It’s hard to believe that it has been a year since Carrie Fisher left this galaxy for one far far away. When you read a book by an author, living or deceased, you try to imagine how they would read their own words, what parts they would emphasize with their tone of voice. Recently, I listened to the audio recording for The Princess Diarist written by Carrie Fisher, and it was an emotional and intense listen to day the least. This book compiles her thoughts on the joy and craziness of being a celebrity, the insanity that comes from being a part of Hollywood royalty and using her own journal entries to give an intimate and revealing look behind the scenes, from when she was filming the first Star Wars movie. However, what made this audiobook an intense and emotional experience was that the author, Carrie Fisher, was the one narrating and her daughter, Billie Lourd, read her journal entries.
This novel provides an incredibly open look at sides of Carrie Fisher that you might not have known were there just by listening to interviews or watching her movies. There were quiet, troubled and very vulnerable sides to her that she didn’t share with anyone but her journal. As I listened to the story behind her crush and affair with co-star Harrison Ford. While it was interesting to listen to the recanting of “Carrison” as she refers to it in the book, I found myself more interested in listening to her journal entries and her thoughts on being a celebrity.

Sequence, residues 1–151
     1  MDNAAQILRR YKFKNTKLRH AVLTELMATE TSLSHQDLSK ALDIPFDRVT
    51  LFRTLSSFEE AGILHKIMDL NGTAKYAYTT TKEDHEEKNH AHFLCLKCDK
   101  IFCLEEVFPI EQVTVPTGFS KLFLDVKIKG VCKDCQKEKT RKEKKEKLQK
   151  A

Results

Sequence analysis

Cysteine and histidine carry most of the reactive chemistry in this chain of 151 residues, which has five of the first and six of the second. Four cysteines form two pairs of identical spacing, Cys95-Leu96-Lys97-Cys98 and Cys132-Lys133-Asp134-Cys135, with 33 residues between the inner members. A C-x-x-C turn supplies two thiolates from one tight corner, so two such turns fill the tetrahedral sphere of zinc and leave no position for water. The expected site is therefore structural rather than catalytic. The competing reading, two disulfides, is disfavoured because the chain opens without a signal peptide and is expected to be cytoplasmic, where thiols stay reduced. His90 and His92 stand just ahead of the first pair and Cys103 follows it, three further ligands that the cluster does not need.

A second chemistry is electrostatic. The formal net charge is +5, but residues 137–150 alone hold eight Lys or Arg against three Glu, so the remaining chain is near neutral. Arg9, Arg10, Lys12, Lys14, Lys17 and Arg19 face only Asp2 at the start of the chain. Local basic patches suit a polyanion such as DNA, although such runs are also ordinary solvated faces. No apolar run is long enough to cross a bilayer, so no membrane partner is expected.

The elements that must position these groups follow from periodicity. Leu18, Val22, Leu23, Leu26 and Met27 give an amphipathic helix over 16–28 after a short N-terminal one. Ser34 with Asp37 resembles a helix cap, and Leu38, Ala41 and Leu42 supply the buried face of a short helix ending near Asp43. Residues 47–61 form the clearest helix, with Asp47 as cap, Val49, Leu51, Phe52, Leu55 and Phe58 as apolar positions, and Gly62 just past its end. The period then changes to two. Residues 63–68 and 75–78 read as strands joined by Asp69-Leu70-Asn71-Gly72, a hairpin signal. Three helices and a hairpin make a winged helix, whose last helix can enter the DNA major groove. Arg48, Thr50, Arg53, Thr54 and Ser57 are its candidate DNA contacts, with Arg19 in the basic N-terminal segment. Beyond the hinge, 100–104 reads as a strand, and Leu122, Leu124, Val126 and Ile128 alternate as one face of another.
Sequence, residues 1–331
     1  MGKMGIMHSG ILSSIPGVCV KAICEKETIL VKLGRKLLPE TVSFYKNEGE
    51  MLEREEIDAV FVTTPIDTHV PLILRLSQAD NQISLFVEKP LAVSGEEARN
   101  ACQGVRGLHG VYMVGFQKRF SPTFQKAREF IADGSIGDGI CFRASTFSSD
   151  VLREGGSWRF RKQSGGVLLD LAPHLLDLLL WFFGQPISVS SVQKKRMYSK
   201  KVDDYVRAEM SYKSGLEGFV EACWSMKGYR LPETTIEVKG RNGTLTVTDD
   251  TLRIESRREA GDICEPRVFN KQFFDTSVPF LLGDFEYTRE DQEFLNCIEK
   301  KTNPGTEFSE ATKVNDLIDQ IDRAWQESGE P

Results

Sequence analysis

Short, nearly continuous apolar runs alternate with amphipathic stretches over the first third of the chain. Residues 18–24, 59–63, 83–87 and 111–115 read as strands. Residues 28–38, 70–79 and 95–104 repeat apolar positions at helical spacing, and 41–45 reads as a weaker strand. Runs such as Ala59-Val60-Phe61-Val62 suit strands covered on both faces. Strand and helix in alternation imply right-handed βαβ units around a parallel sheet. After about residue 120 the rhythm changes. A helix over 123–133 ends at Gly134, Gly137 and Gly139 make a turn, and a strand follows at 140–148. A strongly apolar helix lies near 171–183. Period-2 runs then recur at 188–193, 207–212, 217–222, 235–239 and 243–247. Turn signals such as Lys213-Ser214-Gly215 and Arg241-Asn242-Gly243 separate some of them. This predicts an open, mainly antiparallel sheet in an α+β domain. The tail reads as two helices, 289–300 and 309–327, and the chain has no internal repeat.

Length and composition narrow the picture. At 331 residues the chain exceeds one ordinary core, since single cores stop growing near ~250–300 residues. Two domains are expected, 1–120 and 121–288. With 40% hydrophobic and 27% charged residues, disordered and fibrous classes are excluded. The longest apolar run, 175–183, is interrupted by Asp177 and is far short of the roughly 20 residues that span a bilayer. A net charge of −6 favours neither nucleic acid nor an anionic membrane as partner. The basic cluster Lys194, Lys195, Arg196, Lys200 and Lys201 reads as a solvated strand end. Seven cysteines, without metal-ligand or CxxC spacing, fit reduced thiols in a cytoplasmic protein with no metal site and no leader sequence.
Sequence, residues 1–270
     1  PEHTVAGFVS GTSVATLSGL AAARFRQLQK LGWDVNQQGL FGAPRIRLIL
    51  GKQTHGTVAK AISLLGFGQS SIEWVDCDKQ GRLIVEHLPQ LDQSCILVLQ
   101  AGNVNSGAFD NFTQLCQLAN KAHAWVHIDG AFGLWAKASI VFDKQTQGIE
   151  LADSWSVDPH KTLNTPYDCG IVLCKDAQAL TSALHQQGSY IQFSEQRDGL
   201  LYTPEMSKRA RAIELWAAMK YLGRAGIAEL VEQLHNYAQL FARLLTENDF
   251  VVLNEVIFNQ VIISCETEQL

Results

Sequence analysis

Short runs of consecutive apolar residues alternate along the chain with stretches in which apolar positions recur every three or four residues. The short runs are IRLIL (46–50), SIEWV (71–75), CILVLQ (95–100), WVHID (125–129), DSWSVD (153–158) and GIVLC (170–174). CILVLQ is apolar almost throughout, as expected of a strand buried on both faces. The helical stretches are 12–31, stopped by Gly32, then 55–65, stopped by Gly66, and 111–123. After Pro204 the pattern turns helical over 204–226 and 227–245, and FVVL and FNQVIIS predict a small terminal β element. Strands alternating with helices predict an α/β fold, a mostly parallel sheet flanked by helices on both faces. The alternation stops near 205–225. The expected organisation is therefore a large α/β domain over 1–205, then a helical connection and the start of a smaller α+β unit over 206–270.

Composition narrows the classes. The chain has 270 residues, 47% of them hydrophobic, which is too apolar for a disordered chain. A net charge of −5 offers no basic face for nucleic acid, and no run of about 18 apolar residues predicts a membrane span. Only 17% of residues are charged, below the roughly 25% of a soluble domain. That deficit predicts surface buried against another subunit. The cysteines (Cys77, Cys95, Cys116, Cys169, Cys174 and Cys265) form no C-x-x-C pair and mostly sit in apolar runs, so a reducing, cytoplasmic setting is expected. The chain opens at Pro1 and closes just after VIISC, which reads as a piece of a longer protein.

I think if I had to pick a favorite part of this novel, it would be the journal entries. Not only because it gave great insight into someone who had been my hero since I was a little girl, but also because it helped me realize even more than I thought that she had thoughts and fears similar to thoughts and fears I’ve had through the years. What made these entries more poignant was listening to Billie Lourd read the thoughts and feelings of her mother at age 19.
After her journal entries, you’re taken on a winding road of stories from when Carrie Fisher, Mark Hamill & Harrison Ford were doing promo for the first movie, into some of the things fans have said to her while she has done signing appearances. While you hear her say these short little conversations, you start to think, oh god, I’ve said that at cons and I have to make a mental note to myself to not sound this awkward. But never the less even if we tell ourselves not to babble when we meet a celebrity or hero from our childhood, it will most likely happen anyway. These tidbits lead into wonderful stories about her mother, and even more stories including Carrie Fisher’s thoughts on signing autographs for money, or what she called “celebrity lap dances”.
The insight in this book into the mind and life of Carrie Fisher is one that I could talk about for hours, but I know I could not do it justice. So, instead I am going to recommend with the highest gusto that you read this book, and if you can listen to the audiobook. With the last movie Carrie Fisher made coming out, and it being a Star Wars movie, this audiobook is a way that you can listen to her words not just saying that favorite line from that favorite movie, but it is almost like sitting and listening to a conversation with her.